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Could Anyone Have Saved Amy Winehouse From Herself?

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(Reuters)

A month ago Amy Winehouse canceled her European concert because she was too drunk to even stand on stage.

Last weekend she died alone in her London home.

Binging and erratic behavior were nothing new for the singer who penned the lyrics: “They tried to make me go to rehab, I said, no, no, no.” But could the “they” in that now telling tune have ever saved this talented young singer from herself? 

Some music insiders tell Fox411 that Winehouse may have felt pressured to perform to generate money for her label and the machine that profited off her talent and fame.

“She obviously wasn’t ready to be on any stage or in front of any camera, but when people are paying $120 a ticket, you can be sure someone is going to prop her up on that stage,” one concert promoter told Fox411 about what goes on behind the scenes when dealing with a troubled star on a big tour.

Addiction experts told Fox411 last month that given Winehouse’s history with drug and alcohol abuse, she needed a stay of three months or more in a very serious rehabilitation facility in order to prepare for the rigors of a global tour. 

Winehouse had spent just one week in treatment before taking the stage in Belgrade, it turns out, for the last time.

After Winehouse's death, Yahoo! music blogger Chris Willman diaried the history of family members who had dealt with, and talked about, Winehouse’s addictions.

"I realize my daughter could be dead within the year," her mother, Janis said in 2008. "We're watching her kill herself, slowly. I've already come to terms with her dead. I've steeled myself to ask her what ground she wants to be buried in, which cemetery.”

Her former father-in-law Giles Fielder-Civil, whose son Blake was married to Winehouse from 2007-2009, suggested a fan boycott of her albums to save the troubled star by cutting off her supply of cash. "It's a possibility, to send that message... It's about time that their friends and their professional colleagues say to them ‘enough is enough'," the elder Fielder-Civil said in 2007.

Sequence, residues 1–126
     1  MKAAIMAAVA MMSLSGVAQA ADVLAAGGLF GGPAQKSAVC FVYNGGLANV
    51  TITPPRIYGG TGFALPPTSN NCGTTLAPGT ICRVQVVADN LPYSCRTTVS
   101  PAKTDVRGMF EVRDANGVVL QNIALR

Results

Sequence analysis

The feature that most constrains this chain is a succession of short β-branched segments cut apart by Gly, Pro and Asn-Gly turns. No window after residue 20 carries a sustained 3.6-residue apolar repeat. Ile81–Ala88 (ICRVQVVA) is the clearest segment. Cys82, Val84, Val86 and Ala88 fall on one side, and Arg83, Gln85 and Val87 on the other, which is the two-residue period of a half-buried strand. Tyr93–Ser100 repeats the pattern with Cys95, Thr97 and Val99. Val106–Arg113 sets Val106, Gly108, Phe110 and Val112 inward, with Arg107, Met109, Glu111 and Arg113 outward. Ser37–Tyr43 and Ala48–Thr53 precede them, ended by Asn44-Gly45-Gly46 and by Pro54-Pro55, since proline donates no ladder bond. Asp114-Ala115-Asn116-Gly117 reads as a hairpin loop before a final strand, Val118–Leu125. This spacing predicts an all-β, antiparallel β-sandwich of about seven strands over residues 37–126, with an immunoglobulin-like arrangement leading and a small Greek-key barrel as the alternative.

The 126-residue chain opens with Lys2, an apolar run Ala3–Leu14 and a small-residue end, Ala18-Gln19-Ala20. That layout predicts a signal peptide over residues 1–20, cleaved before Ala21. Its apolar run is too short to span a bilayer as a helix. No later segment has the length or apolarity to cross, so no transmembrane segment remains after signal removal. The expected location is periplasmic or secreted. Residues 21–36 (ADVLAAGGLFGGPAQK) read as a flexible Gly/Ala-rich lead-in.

Winehouse’s own father, Mitch, went on record saying he thought the record company was doing the best they could given his daughter’s extreme addiction issues.

“There's only one person to blame and that's Amy," Mitch said four years ago. “There's no question of the record company or her family trying to work her to the bone. These are some of the accusations that have been leveled at us…The record company isn't as callous as some people think it is."

Maybe not callous, but record and management companies are certainly bottom-line oriented. Entertainment experts point to stars like Robert Downey Jr. and Drew Barrymore who let addiction get the best of them, and then were forced by good friends, family and perhaps most importantly, management, to clean up.

“Anyone can be saved from the power of addiction with a good support system, dedication to rehab and dedication to being sober. Amy is no exception to this,” Dorothy Cascerceri, Senior Editor at InTouch Weekly told Fox411. “She did remove herself from the spotlight for a period of time where we didn't hear any new music from her, and we didn't hear about any drama in her life.”

But someone working to get her on tour, and it probably wasn't Winehouse herself.

“The short term concern of revenue can undermine the right long term decisions to have appropriate treatment,” said Dr. Marvin D. Seppala, the Chief Medical Officer for Hazelden Addiction Treatment Centers. “They can push the individual back to work, and the afflicted often would prefer to work than focus on the real and painful reality of this disease.”

Clinical psychologist Dr. Jeff Gardere believes that an addict is the only one who can save himself or herself, but wonders why she was allowed to go on tour in the first place.

“They must have the desire to change. You cannot force an addict into rehab,” Gardere told Fox411. Yet he added, “Why was she allowed to perform recently while obviously and severely impaired?” 

Could Winehouse's tragic death at the age of 27 serve at least as a cautionary tale for aspiring young pop stars?

“Winehouse struggled with fame, and being in the limelight and seemed to get lost in drugs as a way of coping with it,” Cascerceri told Fox411. "The tragedy of her untimely death is certainly a cautionary tale for other young musicians and actresses in Hollywood who get so lost in partying that they lose their way.” 

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